April 18, 2023

Christian Bök (Canada) 1966

Christian Bök (Canada)

Christian Bök has spent most of his childhood in the community of Georgetown, Ontario, but he has gone on to spend much of his adulthood in Toronto. Bök has earned degrees in English at both Carleton University in Ottawa and York University in Toronto, and currently he teaches in the Department of English at the University of Calgary, where he directs courses on poetics.

     Bök has created artificial languages for two television shows: Gene Roddenberry’s Earth: Final Conflict and Peter Benchley’s Amazon. Bök has also earned many accolades for his virtuoso renditions of sound poetry. His conceptual artworks (which include books built out of Rubik’s Cubes and Lego Bricks) have appeared at the Marianne Boesky Gallery in New York City.

     Crystallography, his first book of poetry, is a kind of pataphysical encyclopedia about the “lucid writing” of mineralogy—and while this avant-garde work of literature has earned critical acclaim (receiving a nomination for the Gerald Lampert Memorial Award for best poetic debut in 1995), Bök owes much of his international renown to the release of his second book, Eunoia.

     “Eunoia” is the shortest word in English to contain all five vowels, and the word literally means “beautiful thinking.” Inspired by the rulebound literature of Oulipo (the French coterie of poets), Eunoia consists of a univocal lipogram—a story written in five chapters, each of which uses only one vowel exclusively (the first chapter using only A, the second chapter using only E, etc.).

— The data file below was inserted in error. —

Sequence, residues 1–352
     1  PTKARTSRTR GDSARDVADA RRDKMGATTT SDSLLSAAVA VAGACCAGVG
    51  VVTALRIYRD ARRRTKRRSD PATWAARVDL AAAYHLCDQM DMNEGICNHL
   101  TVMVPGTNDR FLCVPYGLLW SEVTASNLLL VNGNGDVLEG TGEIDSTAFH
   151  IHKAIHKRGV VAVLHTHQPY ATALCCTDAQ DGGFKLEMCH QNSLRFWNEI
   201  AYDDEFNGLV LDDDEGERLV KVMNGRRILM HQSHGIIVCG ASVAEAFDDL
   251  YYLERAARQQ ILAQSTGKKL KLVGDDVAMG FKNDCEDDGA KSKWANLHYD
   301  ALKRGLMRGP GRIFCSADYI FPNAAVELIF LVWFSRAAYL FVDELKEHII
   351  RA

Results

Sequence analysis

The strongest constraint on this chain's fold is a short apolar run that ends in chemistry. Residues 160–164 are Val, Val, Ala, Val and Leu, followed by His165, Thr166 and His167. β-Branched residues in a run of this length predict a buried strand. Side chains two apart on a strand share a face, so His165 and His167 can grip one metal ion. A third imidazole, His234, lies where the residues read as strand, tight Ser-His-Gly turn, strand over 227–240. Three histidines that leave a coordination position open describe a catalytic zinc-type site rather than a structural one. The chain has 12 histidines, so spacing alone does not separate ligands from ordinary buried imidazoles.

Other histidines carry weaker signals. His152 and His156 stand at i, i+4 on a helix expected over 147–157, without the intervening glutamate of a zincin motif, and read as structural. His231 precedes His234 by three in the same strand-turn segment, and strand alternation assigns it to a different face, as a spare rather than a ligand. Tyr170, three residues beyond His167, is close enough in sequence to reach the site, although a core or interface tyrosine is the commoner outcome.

Eunoia has become a bestseller in Canada, and the work has since won the Griffin Prize for Poetic Excellence. Bök notes that, in much of his work, “the text makes a Sisyphean spectacle of its labor, willfully crippling its language in order to show that, even under such improbable conditions of duress, language can still express an uncanny, if not sublime, thought.”

      In 2001 Bök wrote his important work, Pataphysics: The Poetics of an Imaginary Science, published by Northwestern University Press.

      Since then, he has published two further collections of poetic writings, The Xenotext (Book 1) (2015) and The Kazimir Effect (2021).



Crystallography (Toronto: Coach House Press, 1994); Eunoia (Toronto: Coach House Books, 2001); The Xenotext (Book 1) (Toronto: Coach House Press, 2015); The Kazimir Effect (Penteract Press, 2021)

For a selection of readings and lectures, go here:


For a poem from Eunoia, go here:


Winner of the PIP Gertrude Stein Awards for Innovative Poetry in English

Ten Maps of Sardonic Wit

atoms in space now drift
on a swift and epic storm

soft wind can stir a poem
into a scant prism of dew

words spin a faint comet

some words in fact paint
two stars of an epic mind

manic words spit on fate

Reprinted from New American Writing, no. 23 (2005). Copyright (c) 2005 by Christian Bok.

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